Off you go: tactics are what England should have used to get through to Euro 2008.

Syphon Filter: Logan's Shadow

What about now? Feel anything?

Syphon Filter waved some smelling salts under our noses last year with Dark Mirror and showed us the PSP was far more than handbag filler for Paris Hilton. It did things a shooter should, then crammed it all mystifyingly onto the limited array of PSP buttons without descending the whole package into a finger-dancing mosh pit. Thankfully, not content with its first outing, Sony Bend has crammed even more into Logan's Shadow, proving not all follow-ups have to be absolute rubbish.

It looks more impressive than the first, sounds better, and brings with it a fresh bag of tricks for protagonist Gabe to surprise naughty terrorists with. Going to blow a bus up? Bang, he'll use you as a human shield and take down your entire operation. Think you can put that nuclear bomb in the water? Nope, he'll fight you and maybe some sharks if they're asking for it. Jack Bauer would be proud, like a father. Shooters work on PSP, Syphon Filter: Logan's Shadow proves it. An absolute must for those with a gun hankering, and one you may even see the ageing PS2 glaring enviously at.

Stark raving: shadow people are beings said to exist without physical form, much like ghosts. Shadow of the Colossus and ICO both explore the idea, as has Dungeons & Dragons and Fatal Frame III.

Football Manager Handheld 2008

Something nasty about Steve McClaren.

"For those who think they can do better," it should read on the tin. Come on, every football fan has an input at half-time on what changes need to be made or where the current game plan is going wrong. We all fancy we could put a team together to be as attractive as Arsenal and as successful as Arsenal and as good as Arsenal. You probably reckon McClaren was a smarmy hangover from the Sven days and we are better off without him. And you would be spot on.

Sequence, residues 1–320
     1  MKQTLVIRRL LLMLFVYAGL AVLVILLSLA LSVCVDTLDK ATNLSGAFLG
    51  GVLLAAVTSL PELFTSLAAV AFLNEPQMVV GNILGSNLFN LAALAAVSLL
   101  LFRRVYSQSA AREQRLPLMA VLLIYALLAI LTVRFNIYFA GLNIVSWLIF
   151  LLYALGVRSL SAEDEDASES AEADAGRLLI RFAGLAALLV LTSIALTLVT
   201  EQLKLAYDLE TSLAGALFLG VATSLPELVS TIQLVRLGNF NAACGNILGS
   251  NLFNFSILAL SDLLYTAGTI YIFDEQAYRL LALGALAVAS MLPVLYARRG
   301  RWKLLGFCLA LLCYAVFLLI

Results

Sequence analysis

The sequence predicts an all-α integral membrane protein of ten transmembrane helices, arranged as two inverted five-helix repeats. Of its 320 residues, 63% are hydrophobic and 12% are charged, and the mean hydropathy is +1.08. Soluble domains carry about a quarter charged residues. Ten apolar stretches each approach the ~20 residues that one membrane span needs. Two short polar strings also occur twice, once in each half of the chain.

Football Manager is well known to you lot, then, because it is the most in-depth and best management simulation around. Squeezing all of it onto PSP was always going to be a challenging and thoroughly alluring prospect - who wouldn't want to tinker with formations while relaxing in the lavatory? Two years Sports Interactive has tried and twice succeeded, honing its efforts effectively with each instalment. Football Manager 2008 should be no different, promising shorter loading times as a result of a better match engine as well as a scrubbed up and better looking navigation system. As sure as a sure thing gets, then, and the perfect train or toilet companion the whole year round.

Not you: Football Manager 2008 is exactly what Steve McClaren will not be. Sorry.

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About the Author
Robert Purchese avatar

Robert Purchese

Associate Editor

Bertie is a synonym for Eurogamer. Writes, podcasts, looks after the Supporter Programme. Talks a lot.